I’ve learned to be a lot more flexible on the bike and do more work, not just hang out and let the suspension do the work and also figured, yeah, I’m much more animated now, I boss the bike around 5x more than I ever used to before, but I still have a heap to learn.

    though right now its just a case of getting bike upto a decent standard before I sort some training out.
    Cyclewise fella’s at whinlatter would probably be the closest (could ride there in 40mins lol).

    Premier Icon proutster
    Subscriber

    I think that this is a great topic for discussion – as well as biking, I play a lot of golf and some of the guys I play with seem to pride themselves on the fact that they’ve “never had a lesson in my life” – but they’re still playing off 18!!

    If the best sportsmen/women in the world use coaches then why do “normal”, less talented people, view it as a weakness to have a lesson?

    I have a lot of golf lessons (which have, definitely, helped me to reduce my handicap) and I’ve just had my first MTB skills lesson (as mentioned in the Jumps and Drops thread) and would highly recommend lessons to anyone wanting to improve.

    cycl1ngjb
    Member

    I have (February 2012) with Jedi

    Probably the best mountain biking money I’ve ever spent

    Definitely improved my riding (had an instant impact for me)

    Changed my riding style for the better

    I only wish I’d been to visit Jedi sooner

    maxtorque
    Member

    Ok! Friday has been and gone so now i’m in the “done a skills course camp” 😉

    And?

    Damm good fun for a start! If you like riding your bike then you’re gonna have fun whatever you learn or fail to learn. Tony certainly has an intuitive eye for picking up both on peoples faults, but also on how to correct them. It ain’t as simple as saying “you’re crap at x y or z, do it this way” (especially with us blokes who like to think we know everything……….)

    Throughout the day you could see how the course formulated itself, building on those first and simplest actions and skills, each challenge adding a new layer but not leaving the previous skill set behind. Based on a simple and easy to remember set of rules, you find your riding flows more and more as the day goes on. Whilst it has to be said i am never going to be a great “airtime” rider, the skills Tony teaches are very relavent to real world cycling imo.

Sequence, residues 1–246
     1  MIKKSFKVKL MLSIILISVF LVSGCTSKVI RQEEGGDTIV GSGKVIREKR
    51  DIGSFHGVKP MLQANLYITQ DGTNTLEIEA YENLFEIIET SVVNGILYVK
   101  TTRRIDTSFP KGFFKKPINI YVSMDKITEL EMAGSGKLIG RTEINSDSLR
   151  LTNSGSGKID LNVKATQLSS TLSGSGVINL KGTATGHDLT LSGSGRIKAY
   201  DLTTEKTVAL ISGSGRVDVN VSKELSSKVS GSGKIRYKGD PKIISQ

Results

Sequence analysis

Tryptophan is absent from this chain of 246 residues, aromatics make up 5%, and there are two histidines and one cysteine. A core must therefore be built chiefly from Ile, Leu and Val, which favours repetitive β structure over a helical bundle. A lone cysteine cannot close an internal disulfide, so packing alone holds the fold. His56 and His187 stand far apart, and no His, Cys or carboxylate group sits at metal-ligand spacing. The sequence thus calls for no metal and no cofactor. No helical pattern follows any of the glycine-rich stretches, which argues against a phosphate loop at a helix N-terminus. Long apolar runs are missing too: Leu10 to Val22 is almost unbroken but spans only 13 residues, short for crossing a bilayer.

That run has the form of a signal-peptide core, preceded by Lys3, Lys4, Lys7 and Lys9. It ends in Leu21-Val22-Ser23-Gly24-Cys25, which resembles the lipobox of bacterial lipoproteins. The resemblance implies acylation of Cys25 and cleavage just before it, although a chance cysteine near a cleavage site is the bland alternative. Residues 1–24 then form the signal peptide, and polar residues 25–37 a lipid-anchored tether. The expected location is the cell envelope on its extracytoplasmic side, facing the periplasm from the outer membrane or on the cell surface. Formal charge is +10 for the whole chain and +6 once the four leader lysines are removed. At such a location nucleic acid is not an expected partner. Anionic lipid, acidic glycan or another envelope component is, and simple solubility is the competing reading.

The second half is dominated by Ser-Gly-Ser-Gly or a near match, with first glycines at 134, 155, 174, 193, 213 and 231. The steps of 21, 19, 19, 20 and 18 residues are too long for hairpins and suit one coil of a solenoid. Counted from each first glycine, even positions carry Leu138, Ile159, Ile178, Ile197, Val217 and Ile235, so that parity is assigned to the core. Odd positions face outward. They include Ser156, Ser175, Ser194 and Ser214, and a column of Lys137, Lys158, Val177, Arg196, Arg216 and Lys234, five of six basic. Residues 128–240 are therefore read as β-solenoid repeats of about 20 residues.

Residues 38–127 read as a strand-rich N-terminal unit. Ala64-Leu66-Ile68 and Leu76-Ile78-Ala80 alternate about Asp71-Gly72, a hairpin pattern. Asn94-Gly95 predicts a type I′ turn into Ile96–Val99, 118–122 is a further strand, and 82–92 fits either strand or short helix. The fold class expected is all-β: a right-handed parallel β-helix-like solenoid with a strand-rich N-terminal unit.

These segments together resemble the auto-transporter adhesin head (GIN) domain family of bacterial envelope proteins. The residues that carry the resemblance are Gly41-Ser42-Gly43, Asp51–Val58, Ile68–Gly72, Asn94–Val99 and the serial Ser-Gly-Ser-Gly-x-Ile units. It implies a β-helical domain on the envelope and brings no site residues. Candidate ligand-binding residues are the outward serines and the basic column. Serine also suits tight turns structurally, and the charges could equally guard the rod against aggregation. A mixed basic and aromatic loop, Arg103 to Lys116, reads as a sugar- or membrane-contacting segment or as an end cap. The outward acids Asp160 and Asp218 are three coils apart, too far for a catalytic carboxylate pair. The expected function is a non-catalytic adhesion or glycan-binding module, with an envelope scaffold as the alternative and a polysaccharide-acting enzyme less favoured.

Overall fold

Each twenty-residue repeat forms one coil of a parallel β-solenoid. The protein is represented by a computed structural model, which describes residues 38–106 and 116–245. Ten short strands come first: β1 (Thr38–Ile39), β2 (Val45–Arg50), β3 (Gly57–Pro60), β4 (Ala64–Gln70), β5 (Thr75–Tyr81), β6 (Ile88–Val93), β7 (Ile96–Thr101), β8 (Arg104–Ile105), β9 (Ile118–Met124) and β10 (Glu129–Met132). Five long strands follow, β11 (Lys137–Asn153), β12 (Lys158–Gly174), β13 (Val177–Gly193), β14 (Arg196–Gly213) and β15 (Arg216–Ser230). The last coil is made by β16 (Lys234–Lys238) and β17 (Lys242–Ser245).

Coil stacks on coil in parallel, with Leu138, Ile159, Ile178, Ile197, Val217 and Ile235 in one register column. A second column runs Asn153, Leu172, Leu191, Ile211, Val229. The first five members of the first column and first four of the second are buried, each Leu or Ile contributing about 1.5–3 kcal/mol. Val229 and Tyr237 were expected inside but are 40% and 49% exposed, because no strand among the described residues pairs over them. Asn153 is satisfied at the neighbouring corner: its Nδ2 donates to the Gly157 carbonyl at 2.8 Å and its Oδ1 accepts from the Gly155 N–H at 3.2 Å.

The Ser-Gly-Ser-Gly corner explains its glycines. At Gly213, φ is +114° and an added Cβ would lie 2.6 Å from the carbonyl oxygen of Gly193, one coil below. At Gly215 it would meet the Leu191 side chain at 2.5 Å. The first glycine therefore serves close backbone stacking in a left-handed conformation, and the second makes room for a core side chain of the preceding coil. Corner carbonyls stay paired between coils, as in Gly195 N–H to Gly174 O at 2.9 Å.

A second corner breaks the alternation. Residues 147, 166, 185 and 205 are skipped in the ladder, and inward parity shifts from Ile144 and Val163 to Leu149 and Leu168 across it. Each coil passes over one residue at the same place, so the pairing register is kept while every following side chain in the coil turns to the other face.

We’ve all seen loads of videos on the Net of people jumping massive gap jumps, or manualling 300yards, or doing a complete 360 off the roof of a house, but if we are honest, this really is a bit of a false picture of riding for the vast majority. The skills you have re-enforced by a skills course, are those that you probably, subconciously, were probably using anyway, just maybe not at the right time or in the right fashion. Tony lays down the groundwork and enables you to take it forwards at your own pace.

    He also makes a fine cup of coffee and makes you feel right at home, important as it’s easy to feel the pressure of scrutiny, and tense up, which is not good when trying to find some flow and smoothness.

    As with everything in Life, you get out what you put in. I would have liked to have progressed a bit more in the time we had, but realistically, even the stuff I failed to learn on the day will now be there in the back of my mind everytime i get on my bike. I wouldn’t call myself a “natural rider”, it takes me some time to really pull everything together, but at least now i can begin to see how i ride from an external perspective, analyse the results of my actions, and file away the “good results” from the bad ones.